The provision for loan losses represents the current period credit or cost associated with maintaining an appropriate allowance for loan losses. Periodic fluctuations in the provision for loan losses result from management’s assessment of the adequacy of the allowance for loan losses. The allowance for loan losses is dependent upon many factors, including loan growth, net charge-offs, changes in the composition of the loan portfolio, delinquencies, assessment by management, third parties and banking regulators of the quality of the loan portfolio, the value of the underlying collateral on problem loans and the general economic conditions in our market area. We believe the allowance for loan losses is adequate to cover losses inherent in the loan portfolio as calculated in accordance with generally accepted accounting principles.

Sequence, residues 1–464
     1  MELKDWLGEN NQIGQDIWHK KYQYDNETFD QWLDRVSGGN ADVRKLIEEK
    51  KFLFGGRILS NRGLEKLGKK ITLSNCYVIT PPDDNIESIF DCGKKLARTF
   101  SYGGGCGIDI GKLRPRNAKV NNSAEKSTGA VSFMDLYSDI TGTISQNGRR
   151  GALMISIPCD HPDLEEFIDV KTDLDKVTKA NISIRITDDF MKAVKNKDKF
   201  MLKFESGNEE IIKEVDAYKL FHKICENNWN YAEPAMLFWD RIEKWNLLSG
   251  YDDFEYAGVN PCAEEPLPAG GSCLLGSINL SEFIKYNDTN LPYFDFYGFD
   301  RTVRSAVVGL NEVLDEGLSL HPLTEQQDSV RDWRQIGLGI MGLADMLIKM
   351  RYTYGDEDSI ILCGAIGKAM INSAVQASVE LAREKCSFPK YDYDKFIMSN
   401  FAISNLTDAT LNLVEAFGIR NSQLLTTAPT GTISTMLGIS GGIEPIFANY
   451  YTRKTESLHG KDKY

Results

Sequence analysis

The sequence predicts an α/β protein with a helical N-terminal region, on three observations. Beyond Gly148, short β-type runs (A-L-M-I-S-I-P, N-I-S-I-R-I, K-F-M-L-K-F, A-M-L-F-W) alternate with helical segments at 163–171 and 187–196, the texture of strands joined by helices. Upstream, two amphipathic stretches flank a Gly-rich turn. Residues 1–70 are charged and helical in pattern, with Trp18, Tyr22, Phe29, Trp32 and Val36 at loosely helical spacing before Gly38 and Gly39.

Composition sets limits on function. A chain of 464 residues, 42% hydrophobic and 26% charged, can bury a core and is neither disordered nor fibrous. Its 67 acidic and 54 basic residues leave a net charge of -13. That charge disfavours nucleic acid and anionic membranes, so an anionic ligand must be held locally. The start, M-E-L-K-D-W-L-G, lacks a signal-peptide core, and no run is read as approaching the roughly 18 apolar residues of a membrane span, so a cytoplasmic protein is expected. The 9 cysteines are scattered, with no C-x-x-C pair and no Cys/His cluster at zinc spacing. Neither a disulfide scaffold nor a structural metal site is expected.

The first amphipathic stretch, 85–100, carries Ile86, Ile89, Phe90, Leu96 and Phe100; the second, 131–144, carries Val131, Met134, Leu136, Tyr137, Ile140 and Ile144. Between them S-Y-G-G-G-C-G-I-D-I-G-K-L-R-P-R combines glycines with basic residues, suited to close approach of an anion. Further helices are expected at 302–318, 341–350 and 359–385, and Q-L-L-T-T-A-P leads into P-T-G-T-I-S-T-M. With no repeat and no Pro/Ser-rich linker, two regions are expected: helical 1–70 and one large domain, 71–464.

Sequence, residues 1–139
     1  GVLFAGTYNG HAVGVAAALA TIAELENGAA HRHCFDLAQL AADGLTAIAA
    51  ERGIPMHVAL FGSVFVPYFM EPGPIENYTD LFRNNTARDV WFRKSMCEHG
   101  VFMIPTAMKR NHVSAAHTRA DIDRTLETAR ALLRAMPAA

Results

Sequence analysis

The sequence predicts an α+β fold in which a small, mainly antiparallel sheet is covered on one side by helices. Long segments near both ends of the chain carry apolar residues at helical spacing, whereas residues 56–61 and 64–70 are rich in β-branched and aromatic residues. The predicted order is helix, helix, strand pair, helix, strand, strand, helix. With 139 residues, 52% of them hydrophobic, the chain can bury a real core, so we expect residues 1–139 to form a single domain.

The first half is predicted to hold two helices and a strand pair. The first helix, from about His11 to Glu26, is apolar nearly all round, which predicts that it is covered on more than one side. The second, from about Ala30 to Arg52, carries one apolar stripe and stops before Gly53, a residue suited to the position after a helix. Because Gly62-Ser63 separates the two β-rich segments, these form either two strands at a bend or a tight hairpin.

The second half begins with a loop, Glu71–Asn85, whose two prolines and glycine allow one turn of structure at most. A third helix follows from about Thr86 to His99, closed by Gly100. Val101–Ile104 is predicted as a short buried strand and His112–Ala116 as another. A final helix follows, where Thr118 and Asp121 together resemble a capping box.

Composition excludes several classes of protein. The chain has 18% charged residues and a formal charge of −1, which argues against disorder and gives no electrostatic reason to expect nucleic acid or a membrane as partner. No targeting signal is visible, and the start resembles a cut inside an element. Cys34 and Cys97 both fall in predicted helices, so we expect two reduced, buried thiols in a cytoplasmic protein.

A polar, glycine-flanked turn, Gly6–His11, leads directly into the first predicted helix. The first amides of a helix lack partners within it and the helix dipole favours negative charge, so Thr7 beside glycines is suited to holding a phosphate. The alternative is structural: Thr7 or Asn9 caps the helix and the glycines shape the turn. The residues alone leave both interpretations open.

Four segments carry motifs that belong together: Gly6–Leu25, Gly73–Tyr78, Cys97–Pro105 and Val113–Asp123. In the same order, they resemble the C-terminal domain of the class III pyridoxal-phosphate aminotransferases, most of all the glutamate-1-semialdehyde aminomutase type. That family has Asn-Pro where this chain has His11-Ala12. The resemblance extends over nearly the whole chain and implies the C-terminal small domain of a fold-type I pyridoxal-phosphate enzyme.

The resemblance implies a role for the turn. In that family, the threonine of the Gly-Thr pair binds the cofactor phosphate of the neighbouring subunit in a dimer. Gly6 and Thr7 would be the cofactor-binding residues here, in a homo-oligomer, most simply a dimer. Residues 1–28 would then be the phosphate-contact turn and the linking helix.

We had a provision for loan losses of $322,000 for 2014 compared to a provision of $775,000 for 2013. The decrease in the provision was due primarily to a reduction in nonperforming loans and net charge-offs, and to an improvement in the overall credit quality of the loan portfolio. The allowance to total loans ratio was 1.22% at December 31, 2014, compared to 1.26% at December 31, 2013.

 

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Other Income

The $184,000 decrease in total other income to $5.6 million in 2014 resulted primarily from the net of the following changes:

 

    A $341,000 decrease in gains on sales of mortgage loans and servicing rights to $170,000 for 2014 from $511,000 for 2013, that resulted primarily from a decline in single-family home loan demand nationwide and management’s decision to retain a substantial portion of the 2014 new loan production in the Bank’s portfolio;

 

    No sales of investment securities, compared to $167,000 in net gains from $10.2 million in sales of available-for-sale investment securities in 2013; and